If you're miles into the backcountry, with rough terrain between you and the trailhead, you don't want a broken trekking pole. Durability is very important when looking for a pair of poles, especially if you know you're going to rely on them heavily. Over many years of being on the trail, we've seen more than our fair share of broken trekking poles. Although most newer models should last you some time, not all are created equal. One of the biggest differences that we look for is the shaft material. Carbon fiber technology has come a long way and is relatively strong, but aluminum is usually a stronger, though heavier, choice. Since poles are strongest when the weight is loaded vertically on the pole, breaks tend to happen when force is exerted horizontally. In this scenario, carbon fiber poles are more likely to snap, while aluminum tends to bend before it breaks. A bent pole can still be used in a pinch, and sometimes even repaired.
Heavier poles are generally stronger, like the BD Trail Back, which earned the top mark for durability. This was due to its sturdy aluminum construction and reliable locking mechanisms. On the other end of the weight spectrum, we were impressed by the durability of the Distance Carbon Z, despite its ultralight design.
With a great combination of weight and durability, the Alpine Carbon Cork and Corklite DSS Antishock were both impressively robust for a mid-weight pole. The Corklite DSS Antishock was of aluminum construction, which as we mentioned above, is less prone to snapping. While the Alpine Carbon Cork is made of carbon fiber, a weaker material, it has a much thicker carbon weave, making it one of the sturdiest carbon fiber poles we tested. The Hiker Hunger Carbon Fiber and Foxelli HOG1 ranked lowest for durability, due to their thin carbon fiber weave and plastic locking mechanisms. While we didn't experience any issues, we were a bit worried about durability for long-term use or cross-loaded weight.
We defined versatility as extra additions that the pole may have come with, and what the pole could be used for.
For instance, the Distance Carbon Z is a lightweight pole that excels in the ultralight or trail runner usage, and although could be used for other sports, it doesn't come with any other baskets, and wouldn't hold up as well to heavy duty usage as some of the more massive poles. On the opposite end, we have poles like the REI Co-op Passage that are heavy duty aluminum and built for robust usage for long trekking and off-trail travel. However, some of the heavyweight offerings such as the Black Diamond Trail Back were fantastic choices for multiple sports. Although they came with simple trail baskets, larger powder baskets could be attached, and their durable construction makes them an excellent choice for just about any application, although we think there are better options for ultra-light backpacking.
We found that poles in the mid-weight range were the most versatile and often came with snow baskets. Light enough to be used on most trails, but heavy duty enough to be used for off-trail travel. The Alpine Carbon Cork, our Editors' Choice, excelled at just this and is an exceptional choice for backpacking, backcountry skiing, or mountaineering. The Alpine FLZ from Black Diamond was also another great contender in our versatility metric, thanks to its cork handles, detachable powder baskets, and folding Z-style design.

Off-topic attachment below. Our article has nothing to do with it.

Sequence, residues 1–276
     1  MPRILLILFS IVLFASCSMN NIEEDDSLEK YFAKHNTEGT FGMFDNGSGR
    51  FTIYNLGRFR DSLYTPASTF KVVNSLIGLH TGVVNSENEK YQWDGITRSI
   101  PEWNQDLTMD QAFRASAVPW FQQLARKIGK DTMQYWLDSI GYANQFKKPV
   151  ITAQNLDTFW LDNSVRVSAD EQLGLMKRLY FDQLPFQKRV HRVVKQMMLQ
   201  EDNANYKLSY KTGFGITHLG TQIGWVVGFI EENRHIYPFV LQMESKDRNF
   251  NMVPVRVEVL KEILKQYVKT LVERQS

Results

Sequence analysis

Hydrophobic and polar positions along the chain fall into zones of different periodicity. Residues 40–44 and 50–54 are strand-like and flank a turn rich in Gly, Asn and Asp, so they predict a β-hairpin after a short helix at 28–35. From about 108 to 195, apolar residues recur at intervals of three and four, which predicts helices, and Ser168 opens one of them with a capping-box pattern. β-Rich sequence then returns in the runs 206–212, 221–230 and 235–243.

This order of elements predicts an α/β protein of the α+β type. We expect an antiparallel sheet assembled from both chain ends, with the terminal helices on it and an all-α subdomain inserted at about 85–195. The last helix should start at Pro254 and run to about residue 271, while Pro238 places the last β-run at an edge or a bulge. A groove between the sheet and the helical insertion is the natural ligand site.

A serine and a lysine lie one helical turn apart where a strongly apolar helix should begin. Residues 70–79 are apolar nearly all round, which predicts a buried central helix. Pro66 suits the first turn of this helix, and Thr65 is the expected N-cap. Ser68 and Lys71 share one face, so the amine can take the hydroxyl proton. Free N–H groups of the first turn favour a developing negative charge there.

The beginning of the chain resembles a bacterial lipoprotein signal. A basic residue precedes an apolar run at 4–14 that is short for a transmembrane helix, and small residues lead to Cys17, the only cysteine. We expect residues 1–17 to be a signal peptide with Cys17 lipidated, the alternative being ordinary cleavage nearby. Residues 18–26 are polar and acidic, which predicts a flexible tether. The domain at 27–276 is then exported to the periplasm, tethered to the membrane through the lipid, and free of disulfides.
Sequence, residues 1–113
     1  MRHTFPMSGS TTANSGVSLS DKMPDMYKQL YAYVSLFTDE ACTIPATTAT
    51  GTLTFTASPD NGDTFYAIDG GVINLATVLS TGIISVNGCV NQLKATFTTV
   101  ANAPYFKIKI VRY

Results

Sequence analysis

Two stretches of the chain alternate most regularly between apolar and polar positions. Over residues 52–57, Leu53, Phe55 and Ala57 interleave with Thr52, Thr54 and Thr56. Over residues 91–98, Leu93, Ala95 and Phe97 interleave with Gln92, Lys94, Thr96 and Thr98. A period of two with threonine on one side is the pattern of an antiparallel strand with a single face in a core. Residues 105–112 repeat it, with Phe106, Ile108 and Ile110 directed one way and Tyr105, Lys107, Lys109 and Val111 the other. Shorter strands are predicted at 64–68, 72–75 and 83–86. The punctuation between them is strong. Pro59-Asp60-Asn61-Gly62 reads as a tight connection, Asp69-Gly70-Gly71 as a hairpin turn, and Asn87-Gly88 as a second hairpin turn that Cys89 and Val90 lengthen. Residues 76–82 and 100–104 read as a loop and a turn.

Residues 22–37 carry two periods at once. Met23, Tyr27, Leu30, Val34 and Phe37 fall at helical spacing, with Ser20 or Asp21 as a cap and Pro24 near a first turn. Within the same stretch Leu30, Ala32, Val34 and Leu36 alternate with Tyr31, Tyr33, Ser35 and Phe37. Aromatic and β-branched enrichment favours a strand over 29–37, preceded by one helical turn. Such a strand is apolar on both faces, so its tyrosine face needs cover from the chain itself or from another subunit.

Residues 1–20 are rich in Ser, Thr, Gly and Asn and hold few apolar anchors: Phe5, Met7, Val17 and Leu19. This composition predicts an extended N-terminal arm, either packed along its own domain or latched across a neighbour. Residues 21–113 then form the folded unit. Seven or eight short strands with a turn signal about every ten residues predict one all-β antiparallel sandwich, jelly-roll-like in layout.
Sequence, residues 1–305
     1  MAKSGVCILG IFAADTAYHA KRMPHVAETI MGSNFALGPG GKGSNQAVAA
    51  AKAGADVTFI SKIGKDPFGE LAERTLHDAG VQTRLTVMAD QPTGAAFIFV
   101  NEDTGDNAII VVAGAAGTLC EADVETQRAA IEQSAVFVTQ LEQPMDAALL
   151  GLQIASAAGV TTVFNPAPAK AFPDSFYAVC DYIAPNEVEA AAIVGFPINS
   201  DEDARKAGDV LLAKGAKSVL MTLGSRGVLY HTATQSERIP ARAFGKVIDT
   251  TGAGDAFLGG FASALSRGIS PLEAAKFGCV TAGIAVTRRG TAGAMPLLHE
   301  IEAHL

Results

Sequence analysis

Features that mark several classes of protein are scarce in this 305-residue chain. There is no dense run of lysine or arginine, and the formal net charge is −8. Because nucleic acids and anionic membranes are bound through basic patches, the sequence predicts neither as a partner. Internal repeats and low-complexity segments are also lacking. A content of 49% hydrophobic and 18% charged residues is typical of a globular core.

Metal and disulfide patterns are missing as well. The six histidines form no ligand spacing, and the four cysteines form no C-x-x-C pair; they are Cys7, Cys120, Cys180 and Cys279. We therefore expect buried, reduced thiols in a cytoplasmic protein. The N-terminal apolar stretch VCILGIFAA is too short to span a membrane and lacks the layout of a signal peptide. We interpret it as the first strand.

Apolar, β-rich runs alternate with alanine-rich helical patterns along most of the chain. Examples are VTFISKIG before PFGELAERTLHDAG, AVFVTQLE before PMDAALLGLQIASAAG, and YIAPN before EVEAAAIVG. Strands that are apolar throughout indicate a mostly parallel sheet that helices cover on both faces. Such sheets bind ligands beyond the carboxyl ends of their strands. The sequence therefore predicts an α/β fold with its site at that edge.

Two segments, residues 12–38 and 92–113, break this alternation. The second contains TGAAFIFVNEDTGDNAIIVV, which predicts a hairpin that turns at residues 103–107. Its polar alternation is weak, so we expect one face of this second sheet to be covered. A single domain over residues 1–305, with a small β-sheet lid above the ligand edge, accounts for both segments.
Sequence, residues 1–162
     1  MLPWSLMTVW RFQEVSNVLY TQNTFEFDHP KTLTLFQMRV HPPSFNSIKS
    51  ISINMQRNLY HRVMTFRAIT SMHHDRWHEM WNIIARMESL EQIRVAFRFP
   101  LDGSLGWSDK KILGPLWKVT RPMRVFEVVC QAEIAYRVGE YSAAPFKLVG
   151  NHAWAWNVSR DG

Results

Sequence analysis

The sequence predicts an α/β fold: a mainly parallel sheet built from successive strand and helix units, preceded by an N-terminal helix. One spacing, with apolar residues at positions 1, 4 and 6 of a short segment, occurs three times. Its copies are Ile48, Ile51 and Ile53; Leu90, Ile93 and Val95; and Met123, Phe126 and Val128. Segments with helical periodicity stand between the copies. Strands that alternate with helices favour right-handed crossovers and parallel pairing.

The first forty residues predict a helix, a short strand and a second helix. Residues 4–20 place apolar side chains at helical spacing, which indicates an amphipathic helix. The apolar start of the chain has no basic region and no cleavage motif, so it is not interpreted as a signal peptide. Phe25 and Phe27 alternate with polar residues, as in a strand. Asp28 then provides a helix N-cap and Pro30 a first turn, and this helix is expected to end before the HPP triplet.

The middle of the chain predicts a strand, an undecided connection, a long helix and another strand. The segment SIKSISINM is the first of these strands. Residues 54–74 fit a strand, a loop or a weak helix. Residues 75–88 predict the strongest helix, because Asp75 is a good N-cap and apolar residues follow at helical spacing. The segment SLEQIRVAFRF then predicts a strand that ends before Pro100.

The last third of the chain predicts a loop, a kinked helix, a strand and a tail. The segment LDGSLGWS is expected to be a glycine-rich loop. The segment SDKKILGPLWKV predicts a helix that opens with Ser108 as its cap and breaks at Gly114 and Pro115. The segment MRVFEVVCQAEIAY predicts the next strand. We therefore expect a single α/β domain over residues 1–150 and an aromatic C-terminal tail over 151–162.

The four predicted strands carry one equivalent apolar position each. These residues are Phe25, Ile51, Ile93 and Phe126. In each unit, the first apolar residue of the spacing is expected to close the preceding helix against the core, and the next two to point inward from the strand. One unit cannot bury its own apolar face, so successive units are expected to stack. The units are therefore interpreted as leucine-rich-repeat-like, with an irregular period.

Other Pole Considerations
Most poles have carbide or steel tips to provide traction over multiple types of terrain. Carbide is the most commonly used in higher end poles, although both steel and carbide are great choices for traction.
Some poles come with multiple end coverings, rubber ends for asphalt or tip covers for stowing in a pack.
Most poles also come with a spare set of broad "powder" baskets for snow use. Primarily, the large basket doesn't allow the pole to punch through the snow as easily. This is great for backcountry snow travel, either snowshoeing or backcountry skiing or snowboarding.
The trekking baskets that are found on most poles are much smaller and will help with mud and branches, but do not provide adequate float for snow usage.
Shock Absorbing Systems
Although there is some debate on whether shock absorbing systems work, we found that our most comfortable pole, the DSS anti-shock, featured Leki's anti-shock system.
It provided a bit more comfort while on the trail. Leki's system is unique in that it is located at the bottom of the pole next to the tip. When pressure is applied to the pole, the anti-shock depresses, as can be seen in the photos below.
With as many poles as there are out on the market today, it can be a bit challenging to find the perfect pair. Our testers have been testing poles for years to find their perfect fit. Generally speaking, mid-weight poles with robust locking systems tend to excel in performance and durability. The Alpine Carbon Cork is a great example of this, although it is a little pricey, and some hikers may find more value in something less expensive, like the Montem Ultra Strong or Black Diamond Trail Back. We hope that our in-depth reviews will help you to find the best pole to suit your needs.
How to Fix a Broken Pole
Carbon poles can be flimsy. We found this out the hard way in Patagonia. Since we were many days out, we used the fix below to bandage our pole using only tape and tent stakes.
— Graham Williams